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There Ain't No Such Thing As A Free Lunch: Listbot

By Richard Lowe
Posted Wednesday, November 24, 2004

This column is about TANSTAAFL, which is a term from a book by Robert A. Heinlein (one of the best Science Fiction authors that ever lived) called "The Moon Is A Harsh Mistress". The term means "There Ain't No Such Thing As A Free Lunch". This concept is the basis of the plot of the book, which is about a Lunar penal colony and it's attempt to free itself from Earth domination.


Some years ago I decided it was time to create an email newsletter. I had been doing quite a bit of research on internet promotion, and it was quite obvious that a newsletter is an essential part of any advertising campaign. I didn't know much about elists at the time, so I more or less used the first service that I found. That service was Listbot.

Listbot was cool. It was easy (almost trivial) to create a list (or as many lists as I wanted). In fact, I soon had finished creating my list and went on to attempt to get people to join (and that's the hard part of the job of any listmaster). Listbot seemed to be the perfect service, and the price of a small advertisement at the end of each newsletter seemed very reasonable.

I kept my mailing list on Listbot for about a year until I more or less outgrew their service. Oh, it would handle my list easily (well under 500 subscribers), but I was finding the user interface awkward and difficult to use. So I went off to find a different service, and after some searching and experimenting, settled on Bravenet's mailing list.

Moving the list was a pain but fortunately it was fairly small so I managed to do it in a few hours. For the next few months, I was happy on Bravenet's service, until I ran into the 500 email address limit. At that time, Bravenet did not provide a solution for larger lists.

Thus, I had to move my list again, and this time I moved it to my own list server. Now I have none of the limits forced upon my by other list services. With any luck, I will never have to move the list again.

I never did delete my Listbot account, and thus received occasional mailings from them. A few weeks ago, I received an email which I found interesting. Here is the first paragraph of that email.

"Dear ListBot User:We are sending this letter to inform you that effective Aug. 20, 2001, we are discontinuing the central ListBot service. ListBot has become a very popular free service, and we've been pleased to offer this valuable tool to both consumers and business users. As a provider of services for small and medium-sized businesses, our main goal is the continual improvement of services to meet the growing needs of business users. To achieve this goal, we have launched the new List Builder service, an enhanced e-mail marketing tool that will take the place of ListBot."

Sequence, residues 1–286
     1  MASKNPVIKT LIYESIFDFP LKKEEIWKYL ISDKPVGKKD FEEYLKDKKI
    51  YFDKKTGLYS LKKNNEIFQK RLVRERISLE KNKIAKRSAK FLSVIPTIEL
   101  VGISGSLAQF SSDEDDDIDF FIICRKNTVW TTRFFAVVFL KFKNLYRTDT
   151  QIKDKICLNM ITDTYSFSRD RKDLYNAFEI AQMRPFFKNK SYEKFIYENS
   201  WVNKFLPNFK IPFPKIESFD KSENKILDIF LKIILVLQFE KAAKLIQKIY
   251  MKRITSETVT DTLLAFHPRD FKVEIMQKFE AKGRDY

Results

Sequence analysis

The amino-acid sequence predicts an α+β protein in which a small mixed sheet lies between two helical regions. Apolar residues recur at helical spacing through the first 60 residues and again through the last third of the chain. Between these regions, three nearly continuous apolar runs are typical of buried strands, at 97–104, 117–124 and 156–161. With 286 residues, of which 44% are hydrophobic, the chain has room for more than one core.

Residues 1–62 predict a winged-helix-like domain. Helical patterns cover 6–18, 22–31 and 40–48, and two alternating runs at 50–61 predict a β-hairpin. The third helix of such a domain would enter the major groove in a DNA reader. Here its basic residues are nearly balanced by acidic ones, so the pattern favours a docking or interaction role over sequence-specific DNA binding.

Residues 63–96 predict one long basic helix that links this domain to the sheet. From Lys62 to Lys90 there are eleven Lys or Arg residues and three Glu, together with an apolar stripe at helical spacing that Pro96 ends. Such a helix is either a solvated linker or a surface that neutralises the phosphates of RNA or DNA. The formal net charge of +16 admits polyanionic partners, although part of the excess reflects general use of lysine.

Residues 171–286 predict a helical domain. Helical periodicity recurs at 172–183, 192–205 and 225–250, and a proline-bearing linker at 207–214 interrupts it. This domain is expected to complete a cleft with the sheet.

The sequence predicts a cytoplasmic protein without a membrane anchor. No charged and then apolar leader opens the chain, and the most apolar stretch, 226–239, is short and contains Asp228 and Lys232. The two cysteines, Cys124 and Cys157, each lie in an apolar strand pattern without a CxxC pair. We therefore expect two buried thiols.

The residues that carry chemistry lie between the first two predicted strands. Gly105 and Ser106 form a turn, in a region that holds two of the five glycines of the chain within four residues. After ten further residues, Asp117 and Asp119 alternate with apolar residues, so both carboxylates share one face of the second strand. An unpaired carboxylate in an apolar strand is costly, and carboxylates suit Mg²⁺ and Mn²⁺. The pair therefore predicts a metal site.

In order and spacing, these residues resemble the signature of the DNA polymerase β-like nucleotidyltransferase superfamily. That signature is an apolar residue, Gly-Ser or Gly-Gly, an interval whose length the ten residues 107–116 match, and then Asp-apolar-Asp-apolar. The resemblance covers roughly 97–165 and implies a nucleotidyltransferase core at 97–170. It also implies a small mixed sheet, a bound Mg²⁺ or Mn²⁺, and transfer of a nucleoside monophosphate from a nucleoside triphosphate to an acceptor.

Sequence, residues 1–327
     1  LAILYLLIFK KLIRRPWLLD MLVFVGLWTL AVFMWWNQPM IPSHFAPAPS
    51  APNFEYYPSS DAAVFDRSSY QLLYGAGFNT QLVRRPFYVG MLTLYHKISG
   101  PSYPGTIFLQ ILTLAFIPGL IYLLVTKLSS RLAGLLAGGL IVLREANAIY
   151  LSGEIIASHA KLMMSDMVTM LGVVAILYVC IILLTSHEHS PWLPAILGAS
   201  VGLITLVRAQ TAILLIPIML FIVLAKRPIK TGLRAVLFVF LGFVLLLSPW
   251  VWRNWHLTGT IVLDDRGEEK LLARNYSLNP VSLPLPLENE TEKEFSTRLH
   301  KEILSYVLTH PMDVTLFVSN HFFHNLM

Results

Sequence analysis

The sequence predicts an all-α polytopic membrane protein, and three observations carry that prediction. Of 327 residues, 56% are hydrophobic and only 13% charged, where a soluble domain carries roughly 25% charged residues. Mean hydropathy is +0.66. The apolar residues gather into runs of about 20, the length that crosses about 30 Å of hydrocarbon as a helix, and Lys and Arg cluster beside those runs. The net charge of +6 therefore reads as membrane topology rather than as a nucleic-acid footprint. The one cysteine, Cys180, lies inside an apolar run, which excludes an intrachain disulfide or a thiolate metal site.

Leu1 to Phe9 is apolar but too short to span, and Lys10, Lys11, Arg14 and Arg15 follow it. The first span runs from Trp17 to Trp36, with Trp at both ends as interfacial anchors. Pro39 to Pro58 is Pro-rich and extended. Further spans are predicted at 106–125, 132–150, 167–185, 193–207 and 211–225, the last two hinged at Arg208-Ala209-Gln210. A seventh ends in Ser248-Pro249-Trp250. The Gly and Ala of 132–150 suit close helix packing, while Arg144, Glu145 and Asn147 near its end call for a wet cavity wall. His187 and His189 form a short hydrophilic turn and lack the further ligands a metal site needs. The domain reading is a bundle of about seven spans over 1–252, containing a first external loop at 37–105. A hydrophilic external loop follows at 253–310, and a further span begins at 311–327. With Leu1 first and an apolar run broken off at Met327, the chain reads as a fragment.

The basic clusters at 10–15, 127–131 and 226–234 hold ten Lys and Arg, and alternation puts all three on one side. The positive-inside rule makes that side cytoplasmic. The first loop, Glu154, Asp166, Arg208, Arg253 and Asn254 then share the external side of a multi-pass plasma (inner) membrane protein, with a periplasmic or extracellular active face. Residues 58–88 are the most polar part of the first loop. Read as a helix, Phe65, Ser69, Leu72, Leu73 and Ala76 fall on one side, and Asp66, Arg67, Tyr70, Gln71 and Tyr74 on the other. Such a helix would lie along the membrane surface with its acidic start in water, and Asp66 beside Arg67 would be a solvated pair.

Is there a foul smell in the air?

What's the problem with this? Well, I've been seeing this more and more lately and it really ticks me off. This is when an excellent service is picked up by a large company and ruined, destroyed or simply closed down. The company cannot make the service fit their business model so they simply discard it without a single care that human beings are the recipients of their services and products.

Almost as bad is when the service is modified to fit the larger company's standards and the previously excellent tool or service is made more-or-less worthless. The best example of this behavior is the destruction of the Webring system by Yahoo! in September of 2000.


These companies have totally forgotten (or don't care) that people, real flesh-and-blood human beings with feelings, use and depend upon their services.

Listbot is an old service which has always been free (advertising supported). A few years ago Microsoft purchased the service, presumably to be able to offer this kind of service to their customers. They added Listbot to the offerings on their Bcentral service and promoted it all over the internet.